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Abstract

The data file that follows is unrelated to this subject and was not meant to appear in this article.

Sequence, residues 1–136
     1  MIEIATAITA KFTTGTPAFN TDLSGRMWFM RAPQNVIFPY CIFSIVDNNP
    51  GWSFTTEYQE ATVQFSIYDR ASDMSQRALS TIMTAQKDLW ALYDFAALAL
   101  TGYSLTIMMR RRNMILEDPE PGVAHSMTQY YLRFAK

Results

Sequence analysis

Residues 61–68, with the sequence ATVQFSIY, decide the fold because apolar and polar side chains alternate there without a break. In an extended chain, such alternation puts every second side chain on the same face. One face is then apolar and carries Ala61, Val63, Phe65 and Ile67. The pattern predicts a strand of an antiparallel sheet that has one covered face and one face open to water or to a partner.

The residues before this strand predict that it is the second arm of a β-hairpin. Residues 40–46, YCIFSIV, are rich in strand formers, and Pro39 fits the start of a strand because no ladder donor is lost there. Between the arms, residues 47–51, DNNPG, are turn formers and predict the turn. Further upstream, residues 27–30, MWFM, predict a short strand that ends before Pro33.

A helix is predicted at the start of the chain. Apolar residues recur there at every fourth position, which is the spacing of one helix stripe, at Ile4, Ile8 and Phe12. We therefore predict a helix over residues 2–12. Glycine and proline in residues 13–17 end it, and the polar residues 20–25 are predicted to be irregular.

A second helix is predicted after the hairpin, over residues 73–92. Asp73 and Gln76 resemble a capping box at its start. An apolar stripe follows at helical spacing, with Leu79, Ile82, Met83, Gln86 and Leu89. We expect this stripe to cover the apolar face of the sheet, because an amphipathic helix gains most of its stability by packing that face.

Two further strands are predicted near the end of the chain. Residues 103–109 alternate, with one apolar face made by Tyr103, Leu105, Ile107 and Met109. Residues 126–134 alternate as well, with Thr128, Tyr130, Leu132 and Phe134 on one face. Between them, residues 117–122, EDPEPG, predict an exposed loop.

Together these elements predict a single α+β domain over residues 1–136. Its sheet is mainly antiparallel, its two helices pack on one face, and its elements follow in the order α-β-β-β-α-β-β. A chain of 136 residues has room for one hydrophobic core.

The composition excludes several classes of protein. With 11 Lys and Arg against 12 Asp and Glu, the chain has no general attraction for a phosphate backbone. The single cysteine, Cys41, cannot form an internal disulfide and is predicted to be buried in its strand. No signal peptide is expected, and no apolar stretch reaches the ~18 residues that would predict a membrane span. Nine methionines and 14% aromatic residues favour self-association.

This dissertation is about migrant workers who leave labor. During an economic boom, it traces the return side of the migratory circle: people who turn down rising pay, quit jobs, and go back to villages in the sertão of Bahia. The dissertation thus provides an unexpected view Brazil’s “golden decade,” the period from 2001 to 2011. In those years, GDP expanded regularly, and it was the poorest Brazilians who raised their earnings the most. The dissertation focuses on workers who used that moment to exit the growth cycle. It takes their exit as a window onto the global question of wagelessness – the unsteady position of self-employees, temps, and small entrepreneurs. In this context, it suggests a framework for understanding labor beyond the wage. The dissertation employs both semiotic and biographical methods in order to ask questions about labor, value, and class, three categories that come up for redefinition in a non-wage environment. Accounts of village labor relations are traced over the 20th century. These accounts point to the possibility of understanding labor as the application of homogeneous time to create homogeneous objects. Such an approach gives a new place to the analyses of Lukacs and Whorf, and it reformulates Thompson’s position by framing homogeneity as a stable and continuous social fact. The dissertation carries out close reads of exchange interactions in the villages. It identifies three modes for calibrating objects inside interaction, dubbed “presential,” “projective,” and “nomic.” In the nomic mode, people assert the existence of a standard and justify its existence by invoking social distance. The dissertation takes the nomic mode as the basis for a vision of value. Value, on this view, comes in from the outside: it stands at the intersection of standardness and foreignness. Workers can leave labor, in part, because they have established ownership over certain crucial assets, including houses and animals. As it considers the circulation of these assets, the dissertation proposes an understanding of social class as a specific relationship to time and objects. The dissertation follows Weiner in examining efforts to prevent circulation. It takes these efforts as clues about social immobility – the persistence of hierarchical economic positions even in the face of diminished income inequality. Class, the dissertation concludes, gets generated precisely in the moment when something is withheld from circulation. Class, as a relation to labor, comes into existence when people create a space outside of labor. It is built in the act, whether realized or imagined, of leaving labor.

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